Tanzina: Let's talk a little bit about, broadly, how should the justice department be thinking about domestic terrorism?
Faiza: There is a domestic terrorism bill which was introduced by Representative Adam Schiff in the last Congress, which would basically, classifies a number of acts as domestic terrorism and gives the attorney general the authority to decide that they constitute domestic terrorism. Now, when you're looking at a nominee like Merrick Garland, you might feel comfortable with a bill like that, but I would draw your attention to the fact that just last year under Attorney General Barr, groups like Antifa, which isn't even a group, were being called domestic terrorists. If a law like that had been in place, then the attorney general at the time could have decided to prosecute essentially property damage as domestic terrorism, so it's a very broad law.
Another approach that's been proposed has been to copy the international terrorism framework and make it illegal to provide what they call material support to a designated organization. Until now, the US has only designated foreign groups as terrorist organizations, never a domestic group. If it were to designate a domestic group, I think we would run into some serious first amendment issues, but even beyond that, the designation of a domestic group, like the international designation, is a very political decision, right? It's something that the executive branch gets to do pretty much on its own. You could certainly imagine an administration designating groups that it doesn't like. You could imagine them designating environmental groups, for example. We've seen a lot of attacks on environmental groups through a number of state laws already.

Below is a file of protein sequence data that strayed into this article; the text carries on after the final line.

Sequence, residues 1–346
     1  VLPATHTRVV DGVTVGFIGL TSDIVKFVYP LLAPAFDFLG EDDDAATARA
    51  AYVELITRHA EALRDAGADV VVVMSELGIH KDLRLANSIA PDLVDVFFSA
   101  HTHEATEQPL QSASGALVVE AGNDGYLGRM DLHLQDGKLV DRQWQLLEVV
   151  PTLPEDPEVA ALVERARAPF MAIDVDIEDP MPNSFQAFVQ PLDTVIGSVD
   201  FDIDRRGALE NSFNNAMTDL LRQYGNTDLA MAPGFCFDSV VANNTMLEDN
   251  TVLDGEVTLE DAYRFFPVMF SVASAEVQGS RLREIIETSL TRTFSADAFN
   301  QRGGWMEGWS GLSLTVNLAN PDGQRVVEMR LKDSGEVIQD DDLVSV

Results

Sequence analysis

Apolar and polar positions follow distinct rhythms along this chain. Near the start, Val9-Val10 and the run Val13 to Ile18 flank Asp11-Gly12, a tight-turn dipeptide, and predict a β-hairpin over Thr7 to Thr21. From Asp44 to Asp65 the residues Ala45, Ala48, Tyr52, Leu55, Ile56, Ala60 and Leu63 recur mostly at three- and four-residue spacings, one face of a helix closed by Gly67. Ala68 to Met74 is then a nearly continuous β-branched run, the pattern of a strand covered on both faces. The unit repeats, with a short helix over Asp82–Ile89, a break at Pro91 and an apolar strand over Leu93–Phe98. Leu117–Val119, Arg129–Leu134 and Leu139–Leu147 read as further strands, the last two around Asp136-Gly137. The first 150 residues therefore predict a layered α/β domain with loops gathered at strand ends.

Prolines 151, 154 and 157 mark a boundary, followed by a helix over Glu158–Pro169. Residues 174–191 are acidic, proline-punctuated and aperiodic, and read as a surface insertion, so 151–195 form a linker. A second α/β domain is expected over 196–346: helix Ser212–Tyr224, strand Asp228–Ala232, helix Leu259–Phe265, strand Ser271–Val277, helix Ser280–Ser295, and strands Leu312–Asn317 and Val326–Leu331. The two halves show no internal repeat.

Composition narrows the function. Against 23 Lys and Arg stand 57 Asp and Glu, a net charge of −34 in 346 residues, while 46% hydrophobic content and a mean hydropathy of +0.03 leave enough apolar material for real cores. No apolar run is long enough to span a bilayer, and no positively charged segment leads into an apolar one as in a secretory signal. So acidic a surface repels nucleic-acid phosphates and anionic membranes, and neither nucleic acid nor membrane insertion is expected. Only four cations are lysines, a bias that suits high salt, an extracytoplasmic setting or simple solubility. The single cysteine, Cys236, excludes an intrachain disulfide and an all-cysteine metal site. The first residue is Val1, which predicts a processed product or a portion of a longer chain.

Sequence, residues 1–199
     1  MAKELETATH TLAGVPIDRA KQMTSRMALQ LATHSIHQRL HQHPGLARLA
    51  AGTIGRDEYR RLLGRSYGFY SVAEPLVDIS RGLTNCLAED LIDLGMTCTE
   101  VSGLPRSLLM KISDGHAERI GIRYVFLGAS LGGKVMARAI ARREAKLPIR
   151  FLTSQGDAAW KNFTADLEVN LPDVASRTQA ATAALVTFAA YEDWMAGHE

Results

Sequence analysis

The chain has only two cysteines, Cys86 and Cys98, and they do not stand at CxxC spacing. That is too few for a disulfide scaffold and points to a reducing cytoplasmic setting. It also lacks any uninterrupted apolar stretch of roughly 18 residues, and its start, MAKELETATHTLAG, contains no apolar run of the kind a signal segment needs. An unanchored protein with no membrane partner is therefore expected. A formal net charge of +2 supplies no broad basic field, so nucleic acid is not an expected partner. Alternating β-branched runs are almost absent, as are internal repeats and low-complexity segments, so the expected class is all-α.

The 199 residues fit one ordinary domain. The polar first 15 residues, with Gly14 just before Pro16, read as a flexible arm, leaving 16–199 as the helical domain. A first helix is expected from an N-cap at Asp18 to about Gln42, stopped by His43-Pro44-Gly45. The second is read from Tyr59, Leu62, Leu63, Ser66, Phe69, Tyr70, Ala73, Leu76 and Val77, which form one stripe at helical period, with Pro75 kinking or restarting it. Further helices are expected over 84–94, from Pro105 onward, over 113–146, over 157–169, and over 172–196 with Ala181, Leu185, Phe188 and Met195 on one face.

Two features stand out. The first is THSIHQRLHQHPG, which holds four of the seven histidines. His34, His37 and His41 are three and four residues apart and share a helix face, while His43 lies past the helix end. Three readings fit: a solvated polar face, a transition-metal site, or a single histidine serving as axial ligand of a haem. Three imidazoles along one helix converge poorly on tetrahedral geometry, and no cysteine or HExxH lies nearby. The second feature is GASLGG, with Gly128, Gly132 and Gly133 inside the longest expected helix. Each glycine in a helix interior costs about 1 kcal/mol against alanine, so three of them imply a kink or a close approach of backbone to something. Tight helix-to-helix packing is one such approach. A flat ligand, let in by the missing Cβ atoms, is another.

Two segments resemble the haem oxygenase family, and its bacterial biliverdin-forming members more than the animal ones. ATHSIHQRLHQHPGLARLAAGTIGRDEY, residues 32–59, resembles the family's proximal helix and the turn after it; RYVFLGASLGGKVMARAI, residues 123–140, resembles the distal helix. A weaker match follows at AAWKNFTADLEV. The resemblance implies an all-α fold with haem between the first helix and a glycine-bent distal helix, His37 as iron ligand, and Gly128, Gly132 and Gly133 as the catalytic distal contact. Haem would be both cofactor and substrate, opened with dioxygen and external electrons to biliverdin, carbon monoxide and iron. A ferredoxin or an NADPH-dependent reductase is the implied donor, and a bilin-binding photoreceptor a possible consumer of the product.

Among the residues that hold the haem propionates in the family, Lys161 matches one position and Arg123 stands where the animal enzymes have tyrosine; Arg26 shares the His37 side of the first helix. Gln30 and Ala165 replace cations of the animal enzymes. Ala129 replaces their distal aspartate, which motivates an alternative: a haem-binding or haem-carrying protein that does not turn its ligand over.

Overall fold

You could see them designating a group like Black Lives Matter, which in the previous administration were very focused on finding ways to suppress. There's a lot of mischief that can be done with either of these domestic terrorism models that have been proposed. It would really [unintelligible 00:07:22] to the detriment of communities of color and protesters and really anybody who opposes the government in power.
Tanzina: Also curious how Garland, if confirmed, would reshape the justice department, but also some of the work he would have to do to revamp the department, given the intense politicization of the justice department under former attorney general Bill Barr and the Trump administration. How much work would Garland have ahead of him in restoring trust in the department and getting the staff that he wants into the department?
Faiza: I think he faces a few challenges. One obviously is relating to these politically sensitive investigations that are ongoing, including the [unintelligible 00:08:12] investigation, which is into the investigation of the Russian election interference, as well as the investigation into President Joe Biden's son, Hunter, tax situations with that. He'll have to be very sensitive about how he handles that. During his testimony, I think he suggested that he would be taking a pretty hands-off approach and allowing the line prosecutors to make- or career professionals to make the decisions over there.
I think the second challenge that the attorney general would face is reassuring minority communities that the justice department is on their side, which during the Trump administration, it clearly wasn't. I think over here, he's fortunate that the team that hopefully will be in place alongside with him includes prominent civil rights attorneys.
He's not in this alone. He will have Vanita Gupta who was formerly the head of the Leadership Conference in the number three slot at the justice department. She was formerly the head of the civil rights division under the Obama administration, and Kristen Clarke, another civil rights leader heading up the civil rights division. These are powerful allies for the attorney general in his effort to get the justice department on track.
I guess the third thing that really he will have to deal with is the morale in the justice department. I think he came across during the confirmation hearing as someone with great integrity and poise, and I'm hopeful that his leadership will be able to assure people working in the justice department that the politicization of the Trump era is over.
Tanzina: Faiza Patel is the co-director of the Liberty and National Security Program at the Brennan Center for Justice. Faiza, thanks for joining us.